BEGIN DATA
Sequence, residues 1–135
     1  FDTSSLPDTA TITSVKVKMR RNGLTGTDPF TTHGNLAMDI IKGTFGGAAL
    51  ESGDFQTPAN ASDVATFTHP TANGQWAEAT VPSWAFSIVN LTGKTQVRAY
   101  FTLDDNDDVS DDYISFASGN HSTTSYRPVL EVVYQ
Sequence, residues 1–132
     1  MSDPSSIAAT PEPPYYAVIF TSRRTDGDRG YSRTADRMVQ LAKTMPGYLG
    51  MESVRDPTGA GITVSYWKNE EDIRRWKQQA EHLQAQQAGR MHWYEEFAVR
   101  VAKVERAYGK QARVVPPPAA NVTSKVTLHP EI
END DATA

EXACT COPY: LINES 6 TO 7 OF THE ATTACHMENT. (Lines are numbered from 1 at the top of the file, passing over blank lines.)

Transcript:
     1  MSDPSSIAAT PEPPYYAVIF TSRRTDGDRG YSRTADRMVQ LAKTMPGYLG
    51  MESVRDPTGA GITVSYWKNE EDIRRWKQQA EHLQAQQAGR MHWYEEFAVR